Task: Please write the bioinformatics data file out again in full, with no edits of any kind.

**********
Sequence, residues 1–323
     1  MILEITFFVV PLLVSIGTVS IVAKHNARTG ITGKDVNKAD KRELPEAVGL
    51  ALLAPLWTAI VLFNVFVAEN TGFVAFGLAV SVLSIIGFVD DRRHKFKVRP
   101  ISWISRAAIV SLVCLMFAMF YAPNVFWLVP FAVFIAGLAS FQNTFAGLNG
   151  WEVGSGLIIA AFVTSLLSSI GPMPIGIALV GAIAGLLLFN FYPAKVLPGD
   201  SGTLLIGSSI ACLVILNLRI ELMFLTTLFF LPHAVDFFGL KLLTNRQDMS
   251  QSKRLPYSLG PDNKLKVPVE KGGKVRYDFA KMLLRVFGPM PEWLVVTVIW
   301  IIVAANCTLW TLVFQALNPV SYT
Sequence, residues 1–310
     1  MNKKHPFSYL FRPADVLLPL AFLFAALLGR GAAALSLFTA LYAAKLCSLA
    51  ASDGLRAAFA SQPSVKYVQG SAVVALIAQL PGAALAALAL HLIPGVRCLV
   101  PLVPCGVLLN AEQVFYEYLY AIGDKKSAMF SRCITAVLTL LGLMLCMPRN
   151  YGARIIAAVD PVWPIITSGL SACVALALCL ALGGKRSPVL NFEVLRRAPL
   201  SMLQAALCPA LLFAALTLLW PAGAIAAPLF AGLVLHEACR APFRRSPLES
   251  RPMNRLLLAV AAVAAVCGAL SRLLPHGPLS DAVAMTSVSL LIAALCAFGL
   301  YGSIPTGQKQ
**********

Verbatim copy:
Sequence, residues 1–323
     1  MILEITFFVV PLLVSIGTVS IVAKHNARTG ITGKDVNKAD KRELPEAVGL
    51  ALLAPLWTAI VLFNVFVAEN TGFVAFGLAV SVLSIIGFVD DRRHKFKVRP
   101  ISWISRAAIV SLVCLMFAMF YAPNVFWLVP FAVFIAGLAS FQNTFAGLNG
   151  WEVGSGLIIA AFVTSLLSSI GPMPIGIALV GAIAGLLLFN FYPAKVLPGD
   201  SGTLLIGSSI ACLVILNLRI ELMFLTTLFF LPHAVDFFGL KLLTNRQDMS
   251  QSKRLPYSLG PDNKLKVPVE KGGKVRYDFA KMLLRVFGPM PEWLVVTVIW
   301  IIVAANCTLW TLVFQALNPV SYT
Sequence, residues 1–310
     1  MNKKHPFSYL FRPADVLLPL AFLFAALLGR GAAALSLFTA LYAAKLCSLA
    51  ASDGLRAAFA SQPSVKYVQG SAVVALIAQL PGAALAALAL HLIPGVRCLV
   101  PLVPCGVLLN AEQVFYEYLY AIGDKKSAMF SRCITAVLTL LGLMLCMPRN
   151  YGARIIAAVD PVWPIITSGL SACVALALCL ALGGKRSPVL NFEVLRRAPL
   201  SMLQAALCPA LLFAALTLLW PAGAIAAPLF AGLVLHEACR APFRRSPLES
   251  RPMNRLLLAV AAVAAVCGAL SRLLPHGPLS DAVAMTSVSL LIAALCAFGL
   301  YGSIPTGQKQ